Vista to go: Sandisk improves U3 flash drives with Microsoft’s help

  • Milpitas (CA) – U3 sticks, flash based memory devices that allow users to carry launch ready applications on chewing-gum sized portable storage, have been around for a while, but never really conquered the market. Sandisk now has convinced Microsoft to help market the next version of U3 sticks in the hope to attract more eyeballs and wallets.

    In its core, the new generation of U3 sticks will follow the philosophy of products sold today. Users will not only be able to bring along data, but also launch applications stored on the device on any PC, independent from the software that is installed on the host system. However, the partnership with Microsoft allows Sandisk to upgrade U3, a technology that was developed by U3, a joint venture of Sandisk and its subsidiary M-systems, with a more familiar and Vista like interface.

    Instead of the generic U3 “launchpad” the new generation interface will borrow design elements from Microsoft’s operating systems and create a Windows XP or Windows Vista on-the-go experience.  The second noteworthy change is the addition of TrustedFlash technology, basically an embedded DRM technology that enables users to  store protected digital content on these drives and make the content accessible on multiple playback devices, while making sure that content isn’t pirated. Sandisk, however, argues that TrustedFlash goes beyond DRM and also ensures that content on these drives is kept “safer” from malware.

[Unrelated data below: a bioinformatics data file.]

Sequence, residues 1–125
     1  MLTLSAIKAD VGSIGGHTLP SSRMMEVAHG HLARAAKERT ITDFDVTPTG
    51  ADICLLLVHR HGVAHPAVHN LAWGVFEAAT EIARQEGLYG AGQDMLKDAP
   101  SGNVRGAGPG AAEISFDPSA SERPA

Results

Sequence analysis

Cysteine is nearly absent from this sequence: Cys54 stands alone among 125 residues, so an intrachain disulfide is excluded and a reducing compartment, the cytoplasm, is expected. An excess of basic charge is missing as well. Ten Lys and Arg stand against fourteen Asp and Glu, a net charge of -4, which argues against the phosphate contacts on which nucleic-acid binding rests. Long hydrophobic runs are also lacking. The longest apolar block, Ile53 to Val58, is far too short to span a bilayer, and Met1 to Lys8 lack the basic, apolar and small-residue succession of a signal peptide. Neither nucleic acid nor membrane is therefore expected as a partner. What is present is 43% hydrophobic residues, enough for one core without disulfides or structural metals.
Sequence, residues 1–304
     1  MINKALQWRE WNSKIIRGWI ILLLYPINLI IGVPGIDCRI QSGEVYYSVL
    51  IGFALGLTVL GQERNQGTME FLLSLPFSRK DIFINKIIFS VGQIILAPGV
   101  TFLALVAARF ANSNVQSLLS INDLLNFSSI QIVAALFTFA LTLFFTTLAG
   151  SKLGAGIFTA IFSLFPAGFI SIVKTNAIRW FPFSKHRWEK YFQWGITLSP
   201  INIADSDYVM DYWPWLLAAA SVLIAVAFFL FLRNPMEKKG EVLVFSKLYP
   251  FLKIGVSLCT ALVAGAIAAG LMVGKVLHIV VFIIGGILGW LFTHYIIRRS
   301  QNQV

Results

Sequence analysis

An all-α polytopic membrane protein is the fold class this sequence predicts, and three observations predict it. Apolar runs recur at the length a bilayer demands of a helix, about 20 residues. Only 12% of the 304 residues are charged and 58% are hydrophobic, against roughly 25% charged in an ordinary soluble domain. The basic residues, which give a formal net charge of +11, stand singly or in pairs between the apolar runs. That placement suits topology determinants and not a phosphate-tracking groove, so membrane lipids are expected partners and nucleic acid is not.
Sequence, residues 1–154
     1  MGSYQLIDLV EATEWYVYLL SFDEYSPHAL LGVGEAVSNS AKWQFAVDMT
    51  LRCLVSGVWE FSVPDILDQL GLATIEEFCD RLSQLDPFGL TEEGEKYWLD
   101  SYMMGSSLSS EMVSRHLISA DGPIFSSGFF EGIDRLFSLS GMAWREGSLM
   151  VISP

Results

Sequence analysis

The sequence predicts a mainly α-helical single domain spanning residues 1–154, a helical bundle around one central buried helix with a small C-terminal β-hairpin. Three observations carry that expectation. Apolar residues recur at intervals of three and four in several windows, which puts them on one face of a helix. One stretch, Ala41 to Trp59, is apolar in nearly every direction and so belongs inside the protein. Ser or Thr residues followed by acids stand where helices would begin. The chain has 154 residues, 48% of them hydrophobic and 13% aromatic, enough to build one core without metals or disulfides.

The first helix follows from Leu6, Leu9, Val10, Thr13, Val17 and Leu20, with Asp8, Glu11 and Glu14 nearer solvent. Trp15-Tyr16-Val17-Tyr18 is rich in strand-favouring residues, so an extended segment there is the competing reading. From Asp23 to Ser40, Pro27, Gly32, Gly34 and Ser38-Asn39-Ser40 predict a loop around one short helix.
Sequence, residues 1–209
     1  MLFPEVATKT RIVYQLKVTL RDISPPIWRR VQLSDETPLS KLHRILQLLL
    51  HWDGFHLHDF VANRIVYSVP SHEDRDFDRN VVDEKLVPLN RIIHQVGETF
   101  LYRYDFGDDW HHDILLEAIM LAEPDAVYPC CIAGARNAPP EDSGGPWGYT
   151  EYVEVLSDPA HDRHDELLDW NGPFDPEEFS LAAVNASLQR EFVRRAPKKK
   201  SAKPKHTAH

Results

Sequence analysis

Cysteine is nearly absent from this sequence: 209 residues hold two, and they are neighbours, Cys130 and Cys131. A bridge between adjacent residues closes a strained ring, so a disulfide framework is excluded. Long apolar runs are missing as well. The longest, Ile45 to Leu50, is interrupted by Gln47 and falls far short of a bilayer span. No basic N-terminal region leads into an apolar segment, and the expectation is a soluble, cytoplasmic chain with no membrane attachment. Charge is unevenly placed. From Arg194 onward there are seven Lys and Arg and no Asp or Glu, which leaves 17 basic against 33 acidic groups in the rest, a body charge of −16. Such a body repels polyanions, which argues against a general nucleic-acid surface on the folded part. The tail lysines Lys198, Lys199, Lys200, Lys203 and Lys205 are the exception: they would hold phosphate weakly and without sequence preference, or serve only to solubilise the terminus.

According to Sandisk, the software will be available for both flash memory cards and Cruzer USB flash drives and is expected to be commercially available starting in the second half of 2008.

    It is the first time that Microsoft actually gets actively involved in the flash market – which is quite surprising, since the company introduced several flash-dependent technologies with its Vista operating system (such as ReadyBoost and ReadyDrive.) Industry sources have speculated for some time now that Microsoft in fact may be offering Microsoft-branded flash drives for Vista or even bundle the operating system with such devices. Through the collaboration with Sandisk, Microsoft said that it will create a new “entity” that will focus on licensing hardware designs that are compatible with the Sandisk/Microsoft U3 platform. Revenues generated from licensing TrustedFlash and other intellectual property from both Microsoft and Sandisk will be shared among the two companies.